Q: What day did you start FIRE? Not just hear about it but decide this is it, for real, and start?
A: The first day we felt we were 100% committed was Aug. 1, 2017 — the day we drove away from San Diego and headed out for a cheaper life. There was no turning back.”
Q: What’s been a big challenge for you?
A: A lot of people we’ve met along the way were naturally frugal, We are the exact opposite. That was our first hurdle — we are going to have to significantly change the way we are living. And that’s hard for anyone, no matter what you are accustomed to.
We had struggled with budgeting for years. We’d accumulate credit-card debt and pay it off. It was a vicious cycle. I can remember starting multiple times to cut back and then it would feel like deprivation. Or three or four weeks without eating out felt like centuries and if you got that far, then you really had to go out to eat to celebrate not going out to eat.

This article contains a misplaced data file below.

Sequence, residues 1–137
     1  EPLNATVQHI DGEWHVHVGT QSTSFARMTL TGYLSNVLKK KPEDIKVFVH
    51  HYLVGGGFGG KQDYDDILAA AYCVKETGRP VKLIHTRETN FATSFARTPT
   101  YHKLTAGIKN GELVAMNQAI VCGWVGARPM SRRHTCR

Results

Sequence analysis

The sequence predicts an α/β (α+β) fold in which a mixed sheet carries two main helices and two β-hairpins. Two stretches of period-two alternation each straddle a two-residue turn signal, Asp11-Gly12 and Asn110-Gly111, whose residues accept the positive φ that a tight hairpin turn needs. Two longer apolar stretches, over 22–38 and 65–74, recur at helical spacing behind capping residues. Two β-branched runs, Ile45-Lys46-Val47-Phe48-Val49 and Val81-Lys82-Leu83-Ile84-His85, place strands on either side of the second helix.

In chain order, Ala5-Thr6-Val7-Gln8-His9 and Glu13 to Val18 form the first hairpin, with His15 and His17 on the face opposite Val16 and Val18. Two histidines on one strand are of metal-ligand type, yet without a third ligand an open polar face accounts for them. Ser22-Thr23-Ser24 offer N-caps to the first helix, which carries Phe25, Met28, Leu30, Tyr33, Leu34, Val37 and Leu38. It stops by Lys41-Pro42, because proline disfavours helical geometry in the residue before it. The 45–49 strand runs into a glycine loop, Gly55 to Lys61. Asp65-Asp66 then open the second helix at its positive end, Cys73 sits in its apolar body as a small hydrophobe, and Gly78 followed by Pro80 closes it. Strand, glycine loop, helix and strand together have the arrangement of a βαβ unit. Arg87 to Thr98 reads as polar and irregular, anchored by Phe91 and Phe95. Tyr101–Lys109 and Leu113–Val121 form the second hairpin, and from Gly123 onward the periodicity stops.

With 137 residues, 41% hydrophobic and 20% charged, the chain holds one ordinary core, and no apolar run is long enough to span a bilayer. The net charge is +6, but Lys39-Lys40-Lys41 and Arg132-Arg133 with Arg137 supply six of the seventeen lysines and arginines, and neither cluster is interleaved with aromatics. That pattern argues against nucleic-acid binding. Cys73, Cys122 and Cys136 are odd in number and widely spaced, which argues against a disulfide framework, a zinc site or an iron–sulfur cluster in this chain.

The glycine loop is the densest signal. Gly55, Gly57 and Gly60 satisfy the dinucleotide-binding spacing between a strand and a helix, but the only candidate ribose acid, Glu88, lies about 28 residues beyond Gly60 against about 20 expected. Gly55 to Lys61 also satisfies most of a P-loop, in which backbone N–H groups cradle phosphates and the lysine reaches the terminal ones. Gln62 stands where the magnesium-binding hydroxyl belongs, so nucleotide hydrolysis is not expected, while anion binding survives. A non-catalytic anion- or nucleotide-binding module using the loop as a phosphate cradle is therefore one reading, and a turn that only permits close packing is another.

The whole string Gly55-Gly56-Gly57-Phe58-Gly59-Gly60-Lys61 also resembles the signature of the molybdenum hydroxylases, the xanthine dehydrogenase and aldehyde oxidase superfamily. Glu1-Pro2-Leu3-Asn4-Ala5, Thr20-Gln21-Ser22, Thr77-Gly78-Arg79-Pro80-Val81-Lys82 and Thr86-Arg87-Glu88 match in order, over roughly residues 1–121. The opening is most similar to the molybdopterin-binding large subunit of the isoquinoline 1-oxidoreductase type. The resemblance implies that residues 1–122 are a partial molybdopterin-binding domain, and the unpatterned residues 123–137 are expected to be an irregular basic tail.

Q: What’s been the biggest surprise?
A: I was surprised at how simple this was. The simplicity is phenomenal, but that doesn’t make it easy. It’s a flexible framework. It’s not hard-and-fast rules.
Q: You make no secret that your wife was not immediately sold on FIRE. How did you get her on board?
A: Deprivation and frugality wasn’t going to work. So I focused on happiness. I knew that would resonate with her. I asked her to write the top 10 things that make her happy on a weekly basis. A week is about as far down the road you want to look in a busy life.
I looked at her list, and wine and chocolate were the only things that cost money. The beach was not on the list, and we spend a lot of money to live by the beach. So I said if you come on this journey with me, you can have lots of wine and chocolate because it’s a lot cheaper than what we’re doing now.
It took longer to get the BMW out of the driveway.
Q: Suze Orman was recently quite blunt about FIRE, saying “I hate it. I hate it. I hate it. I hate it.” Your reaction?
A: All I heard with Suze’s interview was fear. I thought what is your problem? I am just choosing freedom.
Read: Mr. Money Mustache says Suze Orman has it wrong on financial independence and early retirement